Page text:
5) Homeowners in general who liked the idea of blocking new construction which effectively cartelized the supply of existing housing and drove their home values up faster.

Well standard freshman microeconomics informs us when government freezes the supply of housing—making it “inelastic” as economists say—and the demand for housing rises due to population growth, inflation, lower interest rates, and increasingly wealthy international buyers, prices for both purchase and lease will skyrocket.

And they have. Today San Francisco’s median home price has reached $1.85 million, a sevenfold increase over 25 years.

Today only a tiny minority of the wealthiest can afford home ownership with the masses condemned to eternal renting.

With such a small minority of wealthy citizens owning an asset that continues to rise rapidly in value and everyone else shut out, San Francisco has become a shining example of haves and have-nots, a pejorative that the local liberals love pinning on free market conservatives. Yet despite all their virtue-signaling about the Republican evils of inequality, San Francisco’s progressive voters and government have created a societal GINI inequality coefficient higher than Nicaragua, Sudan, Congo, and Cameroon.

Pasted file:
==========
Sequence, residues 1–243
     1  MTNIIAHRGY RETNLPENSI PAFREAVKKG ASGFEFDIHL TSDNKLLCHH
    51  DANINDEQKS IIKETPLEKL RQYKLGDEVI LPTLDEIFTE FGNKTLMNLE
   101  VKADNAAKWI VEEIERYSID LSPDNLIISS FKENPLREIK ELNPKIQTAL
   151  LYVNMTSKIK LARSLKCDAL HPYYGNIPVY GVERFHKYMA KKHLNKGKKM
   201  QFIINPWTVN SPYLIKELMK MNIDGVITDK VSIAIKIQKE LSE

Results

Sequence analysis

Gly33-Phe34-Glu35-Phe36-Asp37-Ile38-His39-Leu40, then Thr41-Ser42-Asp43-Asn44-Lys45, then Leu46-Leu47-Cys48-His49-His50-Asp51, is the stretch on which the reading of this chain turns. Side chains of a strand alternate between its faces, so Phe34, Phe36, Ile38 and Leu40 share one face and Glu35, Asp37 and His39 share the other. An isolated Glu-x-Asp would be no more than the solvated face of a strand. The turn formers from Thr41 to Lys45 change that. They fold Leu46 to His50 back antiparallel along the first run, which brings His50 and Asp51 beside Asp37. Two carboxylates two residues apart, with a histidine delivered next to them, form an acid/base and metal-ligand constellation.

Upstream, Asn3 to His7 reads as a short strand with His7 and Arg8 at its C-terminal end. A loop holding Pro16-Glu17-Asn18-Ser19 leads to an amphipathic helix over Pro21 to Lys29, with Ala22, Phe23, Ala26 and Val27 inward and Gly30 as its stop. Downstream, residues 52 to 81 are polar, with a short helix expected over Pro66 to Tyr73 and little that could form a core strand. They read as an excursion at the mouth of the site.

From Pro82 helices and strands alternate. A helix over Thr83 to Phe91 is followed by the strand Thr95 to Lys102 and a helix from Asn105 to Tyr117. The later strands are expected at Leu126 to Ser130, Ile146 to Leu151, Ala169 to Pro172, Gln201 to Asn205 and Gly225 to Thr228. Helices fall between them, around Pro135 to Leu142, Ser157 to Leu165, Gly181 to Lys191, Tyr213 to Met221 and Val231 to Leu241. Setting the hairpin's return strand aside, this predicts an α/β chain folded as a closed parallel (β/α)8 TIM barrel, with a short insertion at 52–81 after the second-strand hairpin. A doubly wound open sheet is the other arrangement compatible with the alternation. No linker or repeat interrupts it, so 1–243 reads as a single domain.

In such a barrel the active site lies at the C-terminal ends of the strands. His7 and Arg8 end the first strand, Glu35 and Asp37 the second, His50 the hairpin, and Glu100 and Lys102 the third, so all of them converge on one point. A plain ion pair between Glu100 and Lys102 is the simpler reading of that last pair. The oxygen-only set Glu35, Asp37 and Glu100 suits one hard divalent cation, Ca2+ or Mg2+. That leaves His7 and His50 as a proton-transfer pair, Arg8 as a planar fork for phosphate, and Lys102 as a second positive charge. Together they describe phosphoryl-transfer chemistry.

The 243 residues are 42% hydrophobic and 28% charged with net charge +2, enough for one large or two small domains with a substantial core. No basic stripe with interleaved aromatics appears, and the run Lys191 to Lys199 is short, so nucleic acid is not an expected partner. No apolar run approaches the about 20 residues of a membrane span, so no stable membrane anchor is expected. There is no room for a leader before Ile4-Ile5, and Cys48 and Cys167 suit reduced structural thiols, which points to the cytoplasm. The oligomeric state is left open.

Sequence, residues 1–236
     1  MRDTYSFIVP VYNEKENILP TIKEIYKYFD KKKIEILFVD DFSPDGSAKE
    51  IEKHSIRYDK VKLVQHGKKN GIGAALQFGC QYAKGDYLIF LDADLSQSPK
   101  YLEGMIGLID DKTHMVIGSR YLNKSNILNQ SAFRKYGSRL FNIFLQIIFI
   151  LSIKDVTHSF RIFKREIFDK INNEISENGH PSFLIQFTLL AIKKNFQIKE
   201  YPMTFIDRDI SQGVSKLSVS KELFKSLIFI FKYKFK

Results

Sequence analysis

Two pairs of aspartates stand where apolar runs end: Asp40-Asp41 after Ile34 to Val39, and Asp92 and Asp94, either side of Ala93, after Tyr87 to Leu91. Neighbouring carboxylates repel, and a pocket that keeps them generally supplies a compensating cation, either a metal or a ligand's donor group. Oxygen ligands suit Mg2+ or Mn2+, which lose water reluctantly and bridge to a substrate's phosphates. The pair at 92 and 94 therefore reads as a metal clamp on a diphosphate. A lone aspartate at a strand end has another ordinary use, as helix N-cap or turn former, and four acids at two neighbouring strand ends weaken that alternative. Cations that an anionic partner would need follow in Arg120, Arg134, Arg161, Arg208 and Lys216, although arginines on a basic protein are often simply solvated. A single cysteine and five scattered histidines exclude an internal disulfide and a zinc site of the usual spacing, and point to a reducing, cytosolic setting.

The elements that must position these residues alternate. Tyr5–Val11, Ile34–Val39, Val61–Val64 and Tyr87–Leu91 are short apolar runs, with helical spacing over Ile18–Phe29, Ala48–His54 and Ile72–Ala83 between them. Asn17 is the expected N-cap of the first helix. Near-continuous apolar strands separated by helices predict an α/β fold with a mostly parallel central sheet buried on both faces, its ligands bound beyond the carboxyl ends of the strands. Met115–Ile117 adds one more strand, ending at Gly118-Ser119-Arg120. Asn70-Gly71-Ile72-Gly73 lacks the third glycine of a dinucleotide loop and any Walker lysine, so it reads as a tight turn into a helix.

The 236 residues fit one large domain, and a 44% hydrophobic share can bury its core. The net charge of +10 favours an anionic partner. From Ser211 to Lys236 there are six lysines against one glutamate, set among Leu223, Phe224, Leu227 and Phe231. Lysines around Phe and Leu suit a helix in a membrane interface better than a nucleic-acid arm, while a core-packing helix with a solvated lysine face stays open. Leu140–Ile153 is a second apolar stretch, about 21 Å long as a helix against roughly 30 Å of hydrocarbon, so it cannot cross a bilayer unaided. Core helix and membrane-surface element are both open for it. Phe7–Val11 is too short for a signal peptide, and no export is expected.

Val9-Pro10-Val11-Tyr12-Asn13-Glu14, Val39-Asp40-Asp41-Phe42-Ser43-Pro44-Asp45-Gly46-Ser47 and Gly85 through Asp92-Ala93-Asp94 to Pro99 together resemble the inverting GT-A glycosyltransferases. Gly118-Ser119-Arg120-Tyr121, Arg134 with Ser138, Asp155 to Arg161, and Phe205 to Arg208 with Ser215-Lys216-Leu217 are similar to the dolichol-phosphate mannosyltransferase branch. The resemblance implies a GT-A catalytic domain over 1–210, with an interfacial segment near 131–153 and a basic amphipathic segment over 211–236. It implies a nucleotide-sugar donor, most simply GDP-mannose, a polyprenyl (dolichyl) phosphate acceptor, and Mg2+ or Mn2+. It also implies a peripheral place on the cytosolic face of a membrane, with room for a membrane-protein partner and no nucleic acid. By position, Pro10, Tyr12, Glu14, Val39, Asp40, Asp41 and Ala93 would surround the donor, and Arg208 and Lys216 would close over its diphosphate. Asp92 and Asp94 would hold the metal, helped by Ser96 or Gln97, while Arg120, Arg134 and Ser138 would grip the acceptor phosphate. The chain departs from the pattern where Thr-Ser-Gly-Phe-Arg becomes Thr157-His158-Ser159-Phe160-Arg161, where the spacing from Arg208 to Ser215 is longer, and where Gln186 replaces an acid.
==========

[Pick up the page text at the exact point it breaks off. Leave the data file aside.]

Another irony is San Francisco liberals routinely accuse conservatives who oppose high taxes and wealth redistribution of having an “I’ve got mine, now F-you” attitude.

Free market conservatives of course really think “I earned mine. Now you earn yours instead of using government to steal from me.”

But the great irony is that “I’ve got mine, now F-you” is precisely how San Francisco homeowners operate. Once they navigate into home ownership they lobby government to block any more homes from being built which is truly shutting out the underprivileged and telling them to screw off.

Or as Dennis Miller likes to say: “A developer is someone who wants to build a house in San Francisco. An environmentalist is someone who has a house in San Francisco.”


For nearly four decades as San Francisco voters and city government have refused to allow new housing construction, they’ve all universally condemned rising prices—except for existing homeowners who love it.

I remember a developer who actually penetrated pretty far into the obstruction process back in the mid 2000’s. The city government had placed an unrealistic barrier of “X-percent of all units must be sold at below market price” (I can’t remember the exact number, it may have been around 15 or 20 percent) which had effectively deterred new developers while giving the Board of Supervisors culpable deniability, arguing “Of course we allow new housing. We only require developers to meet their obligations to society's underprivileged.”